► Kentucky county clerk Kim Davis will appear before a federal judge today to try to explain why she should be allowed to ignore the law and continue her refusal to issue marriage licenses for same-sex couples. Several Republican Presidential candidates are weighing in on the story, with some predictable results:

“I salute her today, and I stand with her,” Mike Huckabee said, explaining that he called her up to thank her for standing up to “judicial tyranny.” Huckabee added: “I thank God for Kim Davis, and I hope more Americans will stand with her.”

Kentucky Sen. Rand Paul was less effusive in his praise but also supports Davis, as does Louisiana Gov. Bobby Jindal. In other words, Republicans who are least likely to get elected to the Presidency are the most vocal about supporting someone who is openly breaking the law (Carly Florina, to her credit, has said that Davis should resign).

► Denver voters will not have to decide on allowing some public use of marijuana after activists decided to pull the proposed ballot measure. Legal marijuana activists instead will focus their efforts on trying to secure an ordinance from the Denver City Council.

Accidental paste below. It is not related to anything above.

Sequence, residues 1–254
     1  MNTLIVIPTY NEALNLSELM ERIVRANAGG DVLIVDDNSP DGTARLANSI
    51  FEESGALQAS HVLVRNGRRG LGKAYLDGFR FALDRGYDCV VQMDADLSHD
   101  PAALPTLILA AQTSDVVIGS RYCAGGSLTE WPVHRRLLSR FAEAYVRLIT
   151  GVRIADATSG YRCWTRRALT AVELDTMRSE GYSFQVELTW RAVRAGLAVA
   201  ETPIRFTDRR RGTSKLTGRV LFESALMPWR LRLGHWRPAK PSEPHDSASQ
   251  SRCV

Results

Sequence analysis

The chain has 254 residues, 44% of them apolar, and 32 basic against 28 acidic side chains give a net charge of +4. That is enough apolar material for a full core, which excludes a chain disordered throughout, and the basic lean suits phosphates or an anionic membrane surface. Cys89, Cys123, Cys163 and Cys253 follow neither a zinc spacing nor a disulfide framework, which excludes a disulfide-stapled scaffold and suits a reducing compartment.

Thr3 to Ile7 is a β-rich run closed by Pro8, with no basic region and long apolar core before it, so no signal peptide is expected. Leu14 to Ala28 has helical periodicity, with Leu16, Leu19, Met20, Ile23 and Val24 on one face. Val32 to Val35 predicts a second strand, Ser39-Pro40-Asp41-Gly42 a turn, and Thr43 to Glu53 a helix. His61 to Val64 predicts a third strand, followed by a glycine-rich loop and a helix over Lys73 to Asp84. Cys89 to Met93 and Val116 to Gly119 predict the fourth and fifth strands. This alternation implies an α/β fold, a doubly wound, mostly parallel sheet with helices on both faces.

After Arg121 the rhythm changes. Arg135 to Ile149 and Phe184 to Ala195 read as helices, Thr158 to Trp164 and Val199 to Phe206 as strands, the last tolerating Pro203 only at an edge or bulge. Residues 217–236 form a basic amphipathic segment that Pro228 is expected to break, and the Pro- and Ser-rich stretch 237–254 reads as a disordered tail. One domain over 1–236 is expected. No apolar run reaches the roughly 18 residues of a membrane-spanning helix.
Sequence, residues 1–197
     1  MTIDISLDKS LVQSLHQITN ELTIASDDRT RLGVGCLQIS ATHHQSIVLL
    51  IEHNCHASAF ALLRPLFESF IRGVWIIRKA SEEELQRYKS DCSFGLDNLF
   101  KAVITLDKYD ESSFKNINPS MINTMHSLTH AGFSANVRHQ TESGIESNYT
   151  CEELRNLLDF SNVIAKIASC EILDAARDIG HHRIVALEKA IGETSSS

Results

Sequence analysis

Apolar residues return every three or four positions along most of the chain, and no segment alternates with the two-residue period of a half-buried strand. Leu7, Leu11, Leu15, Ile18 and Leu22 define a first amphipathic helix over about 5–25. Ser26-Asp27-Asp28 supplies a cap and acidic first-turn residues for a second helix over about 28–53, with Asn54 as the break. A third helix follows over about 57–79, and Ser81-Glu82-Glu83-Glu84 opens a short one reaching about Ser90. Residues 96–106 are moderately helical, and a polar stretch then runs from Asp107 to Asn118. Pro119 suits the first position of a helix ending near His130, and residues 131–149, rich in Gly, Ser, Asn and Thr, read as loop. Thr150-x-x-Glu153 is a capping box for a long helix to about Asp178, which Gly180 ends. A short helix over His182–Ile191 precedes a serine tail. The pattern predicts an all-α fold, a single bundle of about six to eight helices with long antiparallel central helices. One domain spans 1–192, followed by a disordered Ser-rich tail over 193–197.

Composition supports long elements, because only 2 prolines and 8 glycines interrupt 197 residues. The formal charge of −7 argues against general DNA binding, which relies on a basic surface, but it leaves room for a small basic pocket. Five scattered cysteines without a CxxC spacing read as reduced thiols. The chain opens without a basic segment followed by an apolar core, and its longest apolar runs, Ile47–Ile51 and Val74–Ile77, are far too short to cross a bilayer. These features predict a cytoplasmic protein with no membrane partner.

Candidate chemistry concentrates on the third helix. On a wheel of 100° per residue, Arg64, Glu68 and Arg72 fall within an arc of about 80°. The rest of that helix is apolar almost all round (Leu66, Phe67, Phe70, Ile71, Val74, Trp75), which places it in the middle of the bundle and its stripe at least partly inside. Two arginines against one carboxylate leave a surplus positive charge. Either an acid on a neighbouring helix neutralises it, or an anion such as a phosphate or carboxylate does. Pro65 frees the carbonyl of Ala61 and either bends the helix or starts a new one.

Get even more smarter after the jump…

(more…)

Mike Coffman Sells His Soul To The NRCC

Republican uber-strategist Karl Rove, Rep. Mike Coffman.

Republican uber-strategist Karl Rove, Rep. Mike Coffman.

A fascinating report in this morning’s Washington Post about a “contract” that a number of vulnerable Republican members of Congress have agreed to sign in order to obtain assistance in the upcoming elections from the National Republican Congressional Committee (NRCC):

Two dozen House Republicans have agreed to privately detail their “legislative strategy” to party operatives, promising to offer “political justifications” for their goals in Congress.